'Critical design deficiency'

Conservative Sen. Scott Tannas, the chamber's point man on the move, said Thursday he and others flagged potential problems with an open-concept chamber to Public Works two years ago, only to be assured these issues would be addressed during construction.

"Once we had a full-blown rehearsal in here ... it was quickly determined that it just wasn't going to work," Tannas told reporters during a media tour of the Senate's new home Thursday.

"This did not come out to the satisfaction of people who were testing."

Tannas was even more pointed during a presentation outlining the building's flaws before the internal economy committee Thursday, saying the "ceiling gap" that is letting sound in from the neighbouring mezzanine is a "critical design deficiency that must be corrected before the Senate returns in 2019."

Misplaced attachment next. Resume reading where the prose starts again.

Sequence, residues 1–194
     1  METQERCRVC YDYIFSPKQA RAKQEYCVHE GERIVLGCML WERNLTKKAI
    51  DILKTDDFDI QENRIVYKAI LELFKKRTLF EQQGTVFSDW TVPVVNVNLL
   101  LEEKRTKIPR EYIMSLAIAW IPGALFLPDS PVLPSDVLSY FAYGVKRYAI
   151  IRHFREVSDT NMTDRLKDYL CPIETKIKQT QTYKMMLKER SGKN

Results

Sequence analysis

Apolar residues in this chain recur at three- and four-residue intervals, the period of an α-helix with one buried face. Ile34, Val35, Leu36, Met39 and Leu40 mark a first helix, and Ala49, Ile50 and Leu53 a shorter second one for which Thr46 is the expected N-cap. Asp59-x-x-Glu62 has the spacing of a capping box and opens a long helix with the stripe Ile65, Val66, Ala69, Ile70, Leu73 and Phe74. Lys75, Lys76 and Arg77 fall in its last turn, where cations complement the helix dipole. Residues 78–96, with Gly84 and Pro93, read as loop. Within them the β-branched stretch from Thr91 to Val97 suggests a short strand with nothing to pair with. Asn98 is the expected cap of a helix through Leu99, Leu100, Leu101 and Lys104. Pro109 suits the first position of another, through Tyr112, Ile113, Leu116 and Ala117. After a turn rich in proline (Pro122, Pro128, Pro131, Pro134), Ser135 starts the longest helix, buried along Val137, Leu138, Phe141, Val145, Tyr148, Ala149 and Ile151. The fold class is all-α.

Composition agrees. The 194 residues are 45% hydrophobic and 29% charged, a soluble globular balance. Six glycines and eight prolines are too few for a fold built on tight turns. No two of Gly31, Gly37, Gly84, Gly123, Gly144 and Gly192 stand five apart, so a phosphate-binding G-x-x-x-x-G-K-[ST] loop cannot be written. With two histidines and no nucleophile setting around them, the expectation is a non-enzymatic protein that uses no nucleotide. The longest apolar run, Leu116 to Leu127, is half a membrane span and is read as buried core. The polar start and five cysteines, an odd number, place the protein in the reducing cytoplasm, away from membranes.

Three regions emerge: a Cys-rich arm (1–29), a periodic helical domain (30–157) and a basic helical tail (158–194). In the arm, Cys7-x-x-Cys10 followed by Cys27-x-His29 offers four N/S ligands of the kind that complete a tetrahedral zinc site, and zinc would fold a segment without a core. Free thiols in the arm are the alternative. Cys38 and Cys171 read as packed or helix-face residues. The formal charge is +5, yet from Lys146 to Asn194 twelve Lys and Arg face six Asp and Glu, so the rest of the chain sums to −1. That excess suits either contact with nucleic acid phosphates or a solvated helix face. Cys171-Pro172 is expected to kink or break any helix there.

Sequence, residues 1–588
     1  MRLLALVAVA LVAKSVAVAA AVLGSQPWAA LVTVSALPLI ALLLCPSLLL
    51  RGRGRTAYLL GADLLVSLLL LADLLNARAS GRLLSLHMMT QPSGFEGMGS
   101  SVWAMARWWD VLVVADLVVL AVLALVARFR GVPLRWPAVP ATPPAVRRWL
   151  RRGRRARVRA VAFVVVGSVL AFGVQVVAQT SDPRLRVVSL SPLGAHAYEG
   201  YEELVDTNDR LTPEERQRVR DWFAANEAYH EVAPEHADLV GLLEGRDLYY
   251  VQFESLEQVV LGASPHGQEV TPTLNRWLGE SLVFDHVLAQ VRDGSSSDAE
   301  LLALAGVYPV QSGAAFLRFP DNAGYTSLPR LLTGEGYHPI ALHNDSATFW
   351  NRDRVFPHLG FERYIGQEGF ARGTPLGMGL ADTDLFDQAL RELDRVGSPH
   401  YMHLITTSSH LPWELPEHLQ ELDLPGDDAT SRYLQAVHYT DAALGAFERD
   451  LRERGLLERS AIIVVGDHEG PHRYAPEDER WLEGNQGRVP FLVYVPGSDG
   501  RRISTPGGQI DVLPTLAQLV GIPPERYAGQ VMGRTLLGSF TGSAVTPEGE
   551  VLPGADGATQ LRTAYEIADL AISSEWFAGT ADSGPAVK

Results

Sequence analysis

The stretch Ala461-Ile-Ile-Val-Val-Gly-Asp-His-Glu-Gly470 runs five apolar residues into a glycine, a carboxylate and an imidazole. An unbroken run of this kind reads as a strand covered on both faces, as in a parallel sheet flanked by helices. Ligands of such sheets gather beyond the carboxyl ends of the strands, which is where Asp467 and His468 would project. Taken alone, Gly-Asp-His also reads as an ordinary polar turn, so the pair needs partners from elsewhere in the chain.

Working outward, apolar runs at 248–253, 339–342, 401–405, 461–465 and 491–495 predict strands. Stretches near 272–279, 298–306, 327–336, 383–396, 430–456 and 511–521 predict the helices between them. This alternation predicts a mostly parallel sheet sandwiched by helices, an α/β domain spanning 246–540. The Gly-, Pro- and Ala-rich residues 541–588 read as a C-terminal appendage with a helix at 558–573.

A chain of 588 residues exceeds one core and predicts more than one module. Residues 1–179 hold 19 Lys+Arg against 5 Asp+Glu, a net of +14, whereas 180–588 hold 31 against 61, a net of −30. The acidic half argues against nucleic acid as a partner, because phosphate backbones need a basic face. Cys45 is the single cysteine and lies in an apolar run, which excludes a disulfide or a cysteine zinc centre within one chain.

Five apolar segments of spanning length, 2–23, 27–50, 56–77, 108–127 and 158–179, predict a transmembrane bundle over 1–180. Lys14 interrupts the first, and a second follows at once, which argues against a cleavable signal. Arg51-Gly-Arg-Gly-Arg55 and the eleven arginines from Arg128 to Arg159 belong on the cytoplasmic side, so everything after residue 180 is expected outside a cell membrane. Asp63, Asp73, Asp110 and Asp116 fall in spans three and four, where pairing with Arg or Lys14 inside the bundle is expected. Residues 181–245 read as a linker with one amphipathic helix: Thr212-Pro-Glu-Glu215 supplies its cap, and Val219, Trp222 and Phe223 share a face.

Conservative Alberta Sen. Scott Tannas, a member of the Senate's Long Term Vision and Planning subcommittee, hosted a tour of the Senate's new home Thursday. Tannas said sound issues need to be addressed before senators move there in 2019. (Hallie Cotnam/CBC News)

Tannas said during dress rehearsals it was immediately apparent to participants just how problematic the acoustics would be if not corrected, despite assurances from Public Works bureaucrats that there was "no need to worry" and that "noise transfer would be minimal."

"The noise transfer from the foyer and mezzanine was significant and disruptive to the proceedings inside the chamber. It made it virtually impossible for participants to hear the person that had the floor."

Talk of delayed meetings prompts angry exchange